21st March 2016
Writing: Rishi Shah (Year 9)
Editing: Thomas Bailey (Year 13)
Throughout March, Year 9 were privileged to be able to travel to France and Belgium to experience a first-hand view of the events of the First World War, and pay respects to the millions of soldiers who sacrificed their lives for us.
An early start on Saturday morning set us on our course for the Somme region in France, which we arrived at after a good seven hours of travelling. The Battle of the Somme took place here, which had lasted an astonishing 140 days! Our first visit was to Newfoundland Park. This was a place where 700 out of 800 Canadians (Newfoundlanders) who were fighting for the British died, after they misinterpreted a German flare in the sky and tried to attack the Germans. An attack which proved to be very unsuccessful. It was one of the most tragic moments in the Battle of the Somme. We were given a very interesting tour of the area. After, we visited Thiepval Memorial, a huge monument which contained the names of 11,000 soldiers whose bodies were never found. An Old Challoner was included on this memorial.[IMAGE:e6418050]
The second day was probably the most eventful of the three. We travelled to a town called Ypres in Belgium, where three battles in the First World War occurred. The town, as you can probably imagine, was destroyed during the First World War and has been rebuilt since. Firstly, we visited a museum in the centre of Ypres – containing some interesting facts, videos and artefacts from the war. It showed us in depth some of the true horror of the war. Secondly, we paid a visit to the preserved trenches in Sanctuary Wood. This was an exciting experience for many of us, as we got to experience what the trenches were really like and go inside a few pitch-black tunnels! This was a thrilling experience!
We then visited Tyne Cot and Langemark cemeteries to see the contrast and shock of the First World War graves. The 11,000 British graves at Tynecot amazed us all, and we were met with the huge difference in remembrance at Langemark. The Germans had 85,000 soldiers there, in about 10% of the area of Tyne Cot! They engraved multiple names on a gravestone, as they weren’t given much space to build their graves. Next, we were given some free time to explore Ypres before heading off to the Menin Gate. Since the 1920s, every evening (excluding during the Second World War) at the Menin Gate there has been a ‘Last Post’ ceremony to remember the sacrifices the soldiers made in the First World War. Some students from DCGS went up and laid a poppy wreath on the school's behalf.[IMAGE:c6c145fc]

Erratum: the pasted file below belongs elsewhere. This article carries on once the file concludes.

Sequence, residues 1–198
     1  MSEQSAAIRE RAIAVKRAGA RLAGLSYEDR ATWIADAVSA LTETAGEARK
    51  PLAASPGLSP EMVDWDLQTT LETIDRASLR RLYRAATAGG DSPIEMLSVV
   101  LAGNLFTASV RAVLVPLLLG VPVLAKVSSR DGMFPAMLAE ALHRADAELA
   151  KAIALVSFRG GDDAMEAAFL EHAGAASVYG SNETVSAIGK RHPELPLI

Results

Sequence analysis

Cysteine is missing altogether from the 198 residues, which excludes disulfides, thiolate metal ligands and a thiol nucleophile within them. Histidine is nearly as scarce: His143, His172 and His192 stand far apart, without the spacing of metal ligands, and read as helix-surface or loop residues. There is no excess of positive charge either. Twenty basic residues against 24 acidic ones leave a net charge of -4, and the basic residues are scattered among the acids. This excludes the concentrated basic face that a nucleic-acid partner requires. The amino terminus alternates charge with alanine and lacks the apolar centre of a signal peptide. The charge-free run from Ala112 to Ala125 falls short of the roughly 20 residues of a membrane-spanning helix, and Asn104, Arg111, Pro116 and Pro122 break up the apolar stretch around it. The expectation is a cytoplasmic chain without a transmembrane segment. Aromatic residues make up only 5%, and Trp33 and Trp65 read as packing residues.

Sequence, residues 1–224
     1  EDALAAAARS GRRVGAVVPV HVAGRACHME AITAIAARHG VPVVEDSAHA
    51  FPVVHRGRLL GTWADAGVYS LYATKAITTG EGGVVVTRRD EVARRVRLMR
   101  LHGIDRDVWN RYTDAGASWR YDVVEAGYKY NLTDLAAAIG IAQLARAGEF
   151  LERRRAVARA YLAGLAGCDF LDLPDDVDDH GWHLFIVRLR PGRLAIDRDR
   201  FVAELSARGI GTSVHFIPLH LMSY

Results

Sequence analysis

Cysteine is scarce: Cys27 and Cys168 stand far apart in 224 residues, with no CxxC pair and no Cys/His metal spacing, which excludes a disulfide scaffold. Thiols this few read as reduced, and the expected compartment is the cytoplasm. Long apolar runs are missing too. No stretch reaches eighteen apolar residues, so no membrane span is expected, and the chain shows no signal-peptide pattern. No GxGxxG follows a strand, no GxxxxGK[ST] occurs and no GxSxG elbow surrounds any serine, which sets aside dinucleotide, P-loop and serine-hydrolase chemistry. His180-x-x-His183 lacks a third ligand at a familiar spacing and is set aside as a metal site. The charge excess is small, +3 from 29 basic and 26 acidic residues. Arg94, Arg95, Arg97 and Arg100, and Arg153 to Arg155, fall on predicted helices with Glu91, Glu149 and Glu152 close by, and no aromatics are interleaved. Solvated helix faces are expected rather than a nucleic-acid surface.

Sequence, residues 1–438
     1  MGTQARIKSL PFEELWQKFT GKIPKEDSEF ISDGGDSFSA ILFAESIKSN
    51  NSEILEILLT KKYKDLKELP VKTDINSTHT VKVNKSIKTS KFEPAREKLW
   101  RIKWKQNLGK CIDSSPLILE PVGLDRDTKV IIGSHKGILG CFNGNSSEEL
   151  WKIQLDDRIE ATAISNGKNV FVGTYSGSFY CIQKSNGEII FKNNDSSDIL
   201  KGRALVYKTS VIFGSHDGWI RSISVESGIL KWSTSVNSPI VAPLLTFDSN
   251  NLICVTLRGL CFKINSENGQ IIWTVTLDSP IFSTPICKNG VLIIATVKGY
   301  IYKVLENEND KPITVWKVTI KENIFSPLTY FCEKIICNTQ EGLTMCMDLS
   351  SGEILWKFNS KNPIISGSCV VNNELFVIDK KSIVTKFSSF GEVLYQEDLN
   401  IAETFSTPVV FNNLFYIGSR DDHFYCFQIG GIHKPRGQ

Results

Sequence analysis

The final day was a very relaxed one. We travelled to Bruges in Belgium – a city so beautiful it has been labelled a World Heritage Site. This city was a major place in terms of the war – but we didn’t look into that in too much detail. Instead, we enjoyed a brilliant boat trip around the canal – with the sunny weather making it even more enjoyable. We were given some free time to roam around Bruges – in which many of us spent a majority of our money on Belgian chocolate – a luxury we all couldn’t wait to dive into at home. A change in weather even brought us some snow! It was a perfect end to a brilliant trip and we promptly set off to Calais and back home.
The trip was extremely enjoyable; it was very beneficial to our studies of WW1 but it was also a welcome break from school. I, along with many other people, would recommend it to future Year 9 groups and massive thanks are owed to the History Team and all the staff who made it possible.[IMAGE:472eda07]